By Tom Gliatto
January 12, 1998 12:00 PM

IT WAS DEC. 26, A WEEK AFTER MILLIONS of Americans had celebrated Festivus by putting up aluminum poles in their living rooms (for the rest of us, that’s Seinfeldian for that time of year when family and friends gather to denounce each other’s faults). In fact, it was the week after actor Jerry Stiller, as Jason Alexander’s apoplectic dad, Frank Costanza, had celebrated that strange new holiday on NBC’s splendidly nutty Seinfeld. Stiller had just attended the funeral of a 97-year-old aunt with his wife, actress Anne Meara, on Long Island. “As we were leaving the cemetery,” he recalls, “some people at the service stopped us at the gate and said, ‘We’re sorry about what happened,’ and I said, ‘You mean about my aunt?’ and they said, ‘No, Seinfeld.’ ”

The mourners, with all due respect to Mr. Stiller’s aunt, were referring to a death notice that had made headlines that same morning, triggering a national wail of dismay that will likely only build between now and May—which is when Jerry Seinfeld, 43, the creator, star and producer of what is arguably the most beloved and definitely the most eccentric sitcom in prime time, has announced he will bring his nine-year-old show to an end.

What end, it would be impossible to guess from this top-rated sitcom about a fastidiously neat Manhattan comedian (named Jerry Seinfeld) and his small circle of borderline-dysfunctional friends: Vesuvian-tempered George Costanza (Alexander, 38), self-defeatingly clever Elaine Benes (Julia Louis-Dreyfus, 36) and that twitchy guy with the Eraserhead hair, Cosmo Kramer (Michael Richards, 48). This, after all, is a show on which George’s fiancée, Susan (Heidi Swedberg), died licking toxic envelope glue. No one, not even George, shed a tear before heading out for coffee, presumably at the gang’s hangout, Monk’s.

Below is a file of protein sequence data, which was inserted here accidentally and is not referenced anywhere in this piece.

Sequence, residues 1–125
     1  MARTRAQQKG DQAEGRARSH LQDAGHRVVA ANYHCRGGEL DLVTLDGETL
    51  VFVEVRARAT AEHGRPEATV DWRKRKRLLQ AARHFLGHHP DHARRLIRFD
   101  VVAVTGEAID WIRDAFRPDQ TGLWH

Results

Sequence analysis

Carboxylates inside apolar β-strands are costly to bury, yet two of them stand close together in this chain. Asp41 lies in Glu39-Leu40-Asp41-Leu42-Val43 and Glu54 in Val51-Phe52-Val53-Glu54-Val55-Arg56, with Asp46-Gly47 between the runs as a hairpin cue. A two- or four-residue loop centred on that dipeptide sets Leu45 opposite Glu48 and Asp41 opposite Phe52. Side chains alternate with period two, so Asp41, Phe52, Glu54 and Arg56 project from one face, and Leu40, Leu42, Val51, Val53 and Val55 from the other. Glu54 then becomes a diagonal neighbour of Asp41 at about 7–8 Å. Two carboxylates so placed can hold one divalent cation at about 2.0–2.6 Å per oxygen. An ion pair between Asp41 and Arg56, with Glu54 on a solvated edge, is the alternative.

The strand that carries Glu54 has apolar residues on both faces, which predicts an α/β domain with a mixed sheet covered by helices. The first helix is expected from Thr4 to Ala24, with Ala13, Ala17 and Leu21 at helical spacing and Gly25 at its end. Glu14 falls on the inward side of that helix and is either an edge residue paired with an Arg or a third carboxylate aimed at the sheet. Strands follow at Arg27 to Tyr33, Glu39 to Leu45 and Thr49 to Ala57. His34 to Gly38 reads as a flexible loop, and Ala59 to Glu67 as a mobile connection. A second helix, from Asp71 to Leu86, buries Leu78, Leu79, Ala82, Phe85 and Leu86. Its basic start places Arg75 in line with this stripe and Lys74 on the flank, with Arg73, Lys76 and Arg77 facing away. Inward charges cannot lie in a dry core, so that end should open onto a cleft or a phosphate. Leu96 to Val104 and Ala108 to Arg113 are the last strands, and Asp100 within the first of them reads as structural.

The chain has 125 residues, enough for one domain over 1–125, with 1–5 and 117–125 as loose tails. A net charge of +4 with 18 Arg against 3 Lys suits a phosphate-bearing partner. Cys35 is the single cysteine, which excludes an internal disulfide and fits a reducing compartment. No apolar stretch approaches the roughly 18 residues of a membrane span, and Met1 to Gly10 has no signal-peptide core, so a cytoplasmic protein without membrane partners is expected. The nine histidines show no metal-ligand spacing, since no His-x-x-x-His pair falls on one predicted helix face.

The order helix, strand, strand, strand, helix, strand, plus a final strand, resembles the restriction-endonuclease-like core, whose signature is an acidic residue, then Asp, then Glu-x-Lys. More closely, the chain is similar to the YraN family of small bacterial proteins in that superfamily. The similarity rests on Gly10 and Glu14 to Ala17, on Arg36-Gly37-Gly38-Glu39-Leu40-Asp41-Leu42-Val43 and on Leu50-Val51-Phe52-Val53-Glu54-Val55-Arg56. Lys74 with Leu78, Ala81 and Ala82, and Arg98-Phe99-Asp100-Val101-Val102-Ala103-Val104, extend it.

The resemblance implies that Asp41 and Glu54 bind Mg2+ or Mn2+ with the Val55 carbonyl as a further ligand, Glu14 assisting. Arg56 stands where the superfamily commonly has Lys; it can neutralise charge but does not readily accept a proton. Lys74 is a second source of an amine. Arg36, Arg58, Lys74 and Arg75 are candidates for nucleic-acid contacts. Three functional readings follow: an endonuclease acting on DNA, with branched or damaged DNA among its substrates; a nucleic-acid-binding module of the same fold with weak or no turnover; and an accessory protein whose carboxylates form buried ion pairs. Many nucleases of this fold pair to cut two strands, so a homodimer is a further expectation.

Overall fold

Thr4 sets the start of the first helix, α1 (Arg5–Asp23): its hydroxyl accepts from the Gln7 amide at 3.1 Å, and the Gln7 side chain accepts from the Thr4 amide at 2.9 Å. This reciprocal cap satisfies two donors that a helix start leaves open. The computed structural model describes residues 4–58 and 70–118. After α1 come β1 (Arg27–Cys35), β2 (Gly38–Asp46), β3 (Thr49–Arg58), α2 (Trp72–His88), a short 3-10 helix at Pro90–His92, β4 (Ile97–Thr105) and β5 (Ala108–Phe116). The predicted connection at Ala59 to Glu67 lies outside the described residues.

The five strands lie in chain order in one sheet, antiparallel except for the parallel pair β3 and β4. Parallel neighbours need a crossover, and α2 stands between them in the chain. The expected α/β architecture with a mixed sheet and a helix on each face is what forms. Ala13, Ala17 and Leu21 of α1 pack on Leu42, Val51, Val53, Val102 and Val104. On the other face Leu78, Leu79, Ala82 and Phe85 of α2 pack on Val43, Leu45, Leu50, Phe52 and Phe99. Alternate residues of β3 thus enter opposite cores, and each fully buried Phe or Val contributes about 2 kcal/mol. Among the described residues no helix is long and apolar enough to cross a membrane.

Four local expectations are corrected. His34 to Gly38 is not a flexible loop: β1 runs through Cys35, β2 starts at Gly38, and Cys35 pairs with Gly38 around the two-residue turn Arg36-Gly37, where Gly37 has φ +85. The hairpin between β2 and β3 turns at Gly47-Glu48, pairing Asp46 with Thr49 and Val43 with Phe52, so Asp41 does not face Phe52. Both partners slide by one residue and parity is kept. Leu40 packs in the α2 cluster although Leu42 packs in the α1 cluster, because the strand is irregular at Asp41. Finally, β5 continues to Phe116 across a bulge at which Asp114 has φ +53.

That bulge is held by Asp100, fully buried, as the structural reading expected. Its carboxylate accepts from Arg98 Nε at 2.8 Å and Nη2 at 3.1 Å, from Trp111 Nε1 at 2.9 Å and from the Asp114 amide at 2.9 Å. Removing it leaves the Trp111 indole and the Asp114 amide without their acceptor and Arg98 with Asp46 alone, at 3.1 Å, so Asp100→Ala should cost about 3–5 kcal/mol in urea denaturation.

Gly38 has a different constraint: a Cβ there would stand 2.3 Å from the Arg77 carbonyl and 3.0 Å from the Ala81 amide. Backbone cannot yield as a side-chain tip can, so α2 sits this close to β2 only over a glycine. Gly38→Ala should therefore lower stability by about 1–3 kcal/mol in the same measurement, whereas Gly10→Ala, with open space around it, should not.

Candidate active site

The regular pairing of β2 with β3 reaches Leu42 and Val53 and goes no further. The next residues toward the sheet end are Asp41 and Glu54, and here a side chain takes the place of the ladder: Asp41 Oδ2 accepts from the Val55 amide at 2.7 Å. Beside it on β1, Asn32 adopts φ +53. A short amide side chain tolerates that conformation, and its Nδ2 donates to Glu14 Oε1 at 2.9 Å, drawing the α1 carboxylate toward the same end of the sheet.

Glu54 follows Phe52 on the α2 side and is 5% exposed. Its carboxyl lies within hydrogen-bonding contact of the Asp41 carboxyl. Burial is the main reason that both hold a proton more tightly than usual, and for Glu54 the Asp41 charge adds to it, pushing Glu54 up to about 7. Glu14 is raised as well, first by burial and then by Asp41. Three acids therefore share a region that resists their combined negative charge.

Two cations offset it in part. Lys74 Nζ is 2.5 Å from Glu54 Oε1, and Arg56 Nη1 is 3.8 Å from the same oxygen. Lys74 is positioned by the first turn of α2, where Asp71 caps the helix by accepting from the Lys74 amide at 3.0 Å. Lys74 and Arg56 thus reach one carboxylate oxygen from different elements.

Seinfeld will not go the tearless way of poor Susan. “I’m heartbroken,” says Lauren McGoldrick, 21, a College of Marin biology student from San Francisco on vacation in Manhattan, where she paid a visit to Tom’s Restaurant, the Upper West Side eating spot that serves as the exterior for Monk’s coffee shop. “Jerry’s jokes are so real to life that you repeat them over and over with friends.” Humorist Dave Barry, a longtime fan, sounded dulled by sadness when he told PEOPLE, “Yeah, I’m blue that it’s going to be off the air.” Even Yankees owner George Steinbrenner, who was lampooned as George’s dim, noisy boss, may miss being skewered in fresh episodes. “My grandchildren are very disappointed,” he says. “Now their grandpa is like all the other grandpas. It doesn’t make any difference where the Yankees finish.”

Seinfeld broke the news to his staff at the show’s production office in Studio City, Los Angeles, in the middle of December. The gist of his speech, says a staff member who attended the meeting, “was that he just felt it was time to hang it up. It’s something that he has known for a while.” Fatigue may have been compounded by wounded feelings: Some critics have complained that this season’s episodes were flat (a Nov. 7 ENTERTAINMENT WEEKLY headline asked, “After Nine Years, Is Seinfeld Still Fun or Just a Lot of Yada, Yada, Yada?”), even though Seinfeld continues to boast the best ratings of any sitcom—occasionally of any show on the air. “Psychologically,” says an NBC insider, “that had to have some effect on him.”

Not so, says Seinfeld’s longtime pal and Seinfeld cocreator Larry David, who left the show in 1996. “They said the same thing four or five years ago. But Jerry never really paid any attention. It had to do with his desire, with the timing of it.”

Still, Seinfeld’s notion of quality control—which is practically superhuman, according to actor Ben Stein, who spent 10 days filming one small guest role—had to take its toll. “Every scene, every angle, every inflection had to pass the test of whether or not he would think it was funny,” Stein says. “There was absolutely no tolerance for anything that wasn’t perfect.” And yet Seinfeld managed somehow to be pleasant. “It was such a creative, happy workplace,” says Saturday Night Live regular Molly Shannon, who had a memorable bit part this season as a woman who doesn’t swing her arms when she walks.